There’s nothing quite like the live streaming of your own cervix, magnified beyond comfortable viewing, being presented to you on a thirty inch screen, within reaching distance – coupled with the buzz of surgical diathermy – to concentrate your attention on paying more mind to your physical wellbeing. And, more pressingly, getting a new tattoo. That’s how stream of thought manifests itself in the real world – in the desire to get inked. No amount of mindful body scanning will displace that thought. If anything, it just throws up more creative possibilities.
I mistook metaphors as rhetorical devices. Literary effects. I’m beginning to realise that they are so much more. Creative necessities. Smokescreens in which to wrap the sources of hurt or agitation and smother their long, late afternoon shadows before they merge to become another restless night in which sleep is slowly picked apart by those creeping memetic agents of infection. Feelings are framed. Exhibited. Flung to the wall like a fake Jackson Pollock. Inarticulate.
Giving attention to thoughts changes them. Sometimes for the better. sometimes not. The scaffold doesn’t always hold. The web in the corner of the room was abandoned months ago and has become heavy with dust. The free edge sways in the convection current – a shallowed, rounded out quarter turn against the ceiling coving; hanging like an open loft hatch inviting me to look beyond. To look through. To wonder where the spider went. Maybe he followed Boy when he moved rooms. Maybe he missed the company. Maybe he just couldn’t afford the cost in Lego to rent office space.
Discontinuity is an affliction I seem particularly susceptible to.
I like the idea of a Pollockesque tattoo but I’m pretty sure that the etched-skin reality wouldn’t live up to the pain of the etching. Typewriter text. That could work! But whose words? Christina Rossetti’s… Sylvia Plath’s…
Through the window came the rain,
Kim Deal’s? I miss TV. I used to watch all kinds of crap. Keeping my head in the place it’s meant to be at has proved more and more difficult against the biting dark of Winter. I need for it to end now. Winter. The bite. I need Spring skies. I need to re-focus. My attention is required here, there and everywhere but I just can’t catch it to pin it down and share it out. It dashes in front, rushes behind and runs – fast – in circles around me like a child playing tag. I barely have the energy to look at it. The paperwork piles up. The list of people to call gets longer. The tiredness gets tireder. I’ve been trying to wake time and attentiveness from their hibernation but they’re struggling to get up. I know how they feel.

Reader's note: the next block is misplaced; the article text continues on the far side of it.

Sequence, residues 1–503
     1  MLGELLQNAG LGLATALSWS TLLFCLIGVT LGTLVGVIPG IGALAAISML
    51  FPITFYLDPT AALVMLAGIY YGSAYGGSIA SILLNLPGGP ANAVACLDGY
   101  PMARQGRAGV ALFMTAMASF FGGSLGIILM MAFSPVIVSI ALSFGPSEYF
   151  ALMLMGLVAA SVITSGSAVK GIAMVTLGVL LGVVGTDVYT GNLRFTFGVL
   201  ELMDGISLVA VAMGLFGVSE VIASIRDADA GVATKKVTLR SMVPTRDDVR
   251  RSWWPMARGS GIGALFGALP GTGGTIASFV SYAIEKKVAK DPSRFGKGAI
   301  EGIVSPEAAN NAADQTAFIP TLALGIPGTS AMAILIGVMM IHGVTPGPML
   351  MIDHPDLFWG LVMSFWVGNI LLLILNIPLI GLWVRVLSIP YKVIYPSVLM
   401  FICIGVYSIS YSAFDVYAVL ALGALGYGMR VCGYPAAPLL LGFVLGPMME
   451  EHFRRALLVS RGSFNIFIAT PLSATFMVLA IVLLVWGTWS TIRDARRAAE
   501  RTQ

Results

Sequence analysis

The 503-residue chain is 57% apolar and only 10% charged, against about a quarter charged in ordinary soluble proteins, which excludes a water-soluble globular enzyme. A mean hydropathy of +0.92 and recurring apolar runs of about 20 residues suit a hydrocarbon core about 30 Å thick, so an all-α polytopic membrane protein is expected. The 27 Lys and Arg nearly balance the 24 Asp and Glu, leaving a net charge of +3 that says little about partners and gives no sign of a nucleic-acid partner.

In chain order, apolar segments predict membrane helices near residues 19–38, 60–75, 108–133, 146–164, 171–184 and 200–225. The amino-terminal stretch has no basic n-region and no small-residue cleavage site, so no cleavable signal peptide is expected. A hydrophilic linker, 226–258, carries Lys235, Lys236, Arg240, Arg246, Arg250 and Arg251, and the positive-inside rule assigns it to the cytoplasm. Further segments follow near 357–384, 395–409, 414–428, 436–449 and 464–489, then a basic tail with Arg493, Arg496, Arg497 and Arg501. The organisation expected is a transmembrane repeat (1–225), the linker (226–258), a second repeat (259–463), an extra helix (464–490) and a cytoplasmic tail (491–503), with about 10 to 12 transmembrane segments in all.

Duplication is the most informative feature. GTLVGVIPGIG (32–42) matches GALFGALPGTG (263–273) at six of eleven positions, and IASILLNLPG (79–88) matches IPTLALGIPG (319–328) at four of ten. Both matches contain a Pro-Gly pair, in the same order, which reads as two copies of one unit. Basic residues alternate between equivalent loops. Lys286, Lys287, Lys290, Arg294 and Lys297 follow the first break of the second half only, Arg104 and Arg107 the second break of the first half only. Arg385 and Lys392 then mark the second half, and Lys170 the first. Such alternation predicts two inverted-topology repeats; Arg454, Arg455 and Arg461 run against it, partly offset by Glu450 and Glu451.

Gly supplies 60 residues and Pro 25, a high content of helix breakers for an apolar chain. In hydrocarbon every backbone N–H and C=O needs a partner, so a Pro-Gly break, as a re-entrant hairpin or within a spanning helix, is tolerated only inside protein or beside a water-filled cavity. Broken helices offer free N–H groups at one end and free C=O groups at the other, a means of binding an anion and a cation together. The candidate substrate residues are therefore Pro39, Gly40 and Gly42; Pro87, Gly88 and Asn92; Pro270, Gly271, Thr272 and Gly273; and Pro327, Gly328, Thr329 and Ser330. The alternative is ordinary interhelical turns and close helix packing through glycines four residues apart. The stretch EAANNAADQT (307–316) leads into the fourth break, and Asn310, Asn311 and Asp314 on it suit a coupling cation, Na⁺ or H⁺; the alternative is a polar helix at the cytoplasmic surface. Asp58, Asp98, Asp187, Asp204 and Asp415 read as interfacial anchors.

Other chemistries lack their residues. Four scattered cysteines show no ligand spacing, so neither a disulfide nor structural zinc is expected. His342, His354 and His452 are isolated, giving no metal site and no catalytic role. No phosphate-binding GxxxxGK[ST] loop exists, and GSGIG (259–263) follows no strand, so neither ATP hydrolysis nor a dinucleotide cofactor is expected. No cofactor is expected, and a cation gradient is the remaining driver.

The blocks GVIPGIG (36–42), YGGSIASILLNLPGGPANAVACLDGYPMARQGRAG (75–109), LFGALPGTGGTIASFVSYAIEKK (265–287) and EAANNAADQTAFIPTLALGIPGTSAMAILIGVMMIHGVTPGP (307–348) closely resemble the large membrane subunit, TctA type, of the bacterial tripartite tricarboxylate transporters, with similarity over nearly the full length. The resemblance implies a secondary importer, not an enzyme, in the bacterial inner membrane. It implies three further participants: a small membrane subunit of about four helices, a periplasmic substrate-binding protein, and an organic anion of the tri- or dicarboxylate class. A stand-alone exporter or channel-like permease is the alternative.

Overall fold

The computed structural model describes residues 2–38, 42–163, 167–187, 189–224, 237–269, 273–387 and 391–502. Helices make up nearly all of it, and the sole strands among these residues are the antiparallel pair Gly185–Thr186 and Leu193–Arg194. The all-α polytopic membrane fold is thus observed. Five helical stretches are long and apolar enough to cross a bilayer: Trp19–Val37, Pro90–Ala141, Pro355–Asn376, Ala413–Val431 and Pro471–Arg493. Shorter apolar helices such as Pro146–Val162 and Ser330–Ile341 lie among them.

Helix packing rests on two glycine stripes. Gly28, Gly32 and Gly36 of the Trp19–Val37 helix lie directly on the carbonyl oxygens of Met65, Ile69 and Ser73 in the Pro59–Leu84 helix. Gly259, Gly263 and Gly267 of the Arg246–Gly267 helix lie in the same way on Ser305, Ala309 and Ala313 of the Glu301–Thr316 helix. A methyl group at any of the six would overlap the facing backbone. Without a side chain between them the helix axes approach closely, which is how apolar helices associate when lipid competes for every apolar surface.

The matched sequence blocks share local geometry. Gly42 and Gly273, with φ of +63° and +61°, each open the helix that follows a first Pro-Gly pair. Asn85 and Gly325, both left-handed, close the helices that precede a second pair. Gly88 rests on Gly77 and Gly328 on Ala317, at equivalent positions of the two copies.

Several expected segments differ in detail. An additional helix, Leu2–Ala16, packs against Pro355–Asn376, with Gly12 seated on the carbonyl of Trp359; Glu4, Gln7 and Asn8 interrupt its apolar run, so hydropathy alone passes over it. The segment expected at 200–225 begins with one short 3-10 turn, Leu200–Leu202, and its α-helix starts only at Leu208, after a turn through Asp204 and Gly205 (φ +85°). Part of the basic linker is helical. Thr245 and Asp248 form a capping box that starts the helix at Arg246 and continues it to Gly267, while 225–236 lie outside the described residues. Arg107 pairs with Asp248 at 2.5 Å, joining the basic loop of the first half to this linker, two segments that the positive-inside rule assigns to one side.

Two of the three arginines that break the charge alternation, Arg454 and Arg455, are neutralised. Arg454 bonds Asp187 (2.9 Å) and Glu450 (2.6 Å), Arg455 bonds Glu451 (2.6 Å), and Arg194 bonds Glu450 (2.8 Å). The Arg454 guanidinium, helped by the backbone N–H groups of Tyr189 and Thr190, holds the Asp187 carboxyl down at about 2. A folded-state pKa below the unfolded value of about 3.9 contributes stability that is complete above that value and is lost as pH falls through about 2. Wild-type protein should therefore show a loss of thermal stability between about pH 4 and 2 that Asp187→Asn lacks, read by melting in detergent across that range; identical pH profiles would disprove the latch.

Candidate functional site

My head hums to itself like a fridge in the middle of the night. I’m trying to ignore the obvious comparison, too banal and not even funny, with the BEKO in the kitchen with the blown internal light bulb. I’m surrounded by similes not of my own shaping. The permanent openings where the internal doors used to be are making me think of the middle-ish bit of the brain, the name of which escapes me (along with all kinds of other information I can’t remember where I stored) which links the left and right hemispheres; the bit which was widely assumed to have something or other to do with autism until someone a little more assiduous pointed out that the vast amount of experimental data which negated any serious open/closed/swinging/revolving/slamming in the gusts of who knows what mid-matter door hypothesis had been repeatedly overlooked for years quite simply because it was so dull as to have just never made it into the peer-reviewed literature. The more the best and brightest think they discover about autism, the less anyone understands – actually – what the fuck it is. Autists might describe ‘it’ as being dynamic and a hundred and one other things inseparable or otherwise from ‘self’, depending on which school of descriptive language each individual subscribes to but a conscientious move towards qualitative rather than quantitative data collection and analysis would require a paradigm shift of such epic proportions that clinical psychology would have its own nervous breakdown. And, professionally speaking, it houses some really fragile egos.
No level of prompting in my Facebook feed by Ink4Autism could convince me to get a fucking puzzle piece tattoo. (Though I do love the concept of ‘ink for acceptance’ – in a Peloponnesian-tribal-art-history mash-up kind of way. It’s a weirdly cool idea that appeals to my sensibility to seek out semblance.) I took the eyeliner to my right upper arm to experiment with shape and placement. Before I knew it the pencil had flowed quite naturally across my chest and all the way down to my left wrist in the process of balancing new forward facing black-work with an existing colour-saturated back piece.
It’s not a mantra for life in general but, when it comes to tattoos, go big or go home, I guess…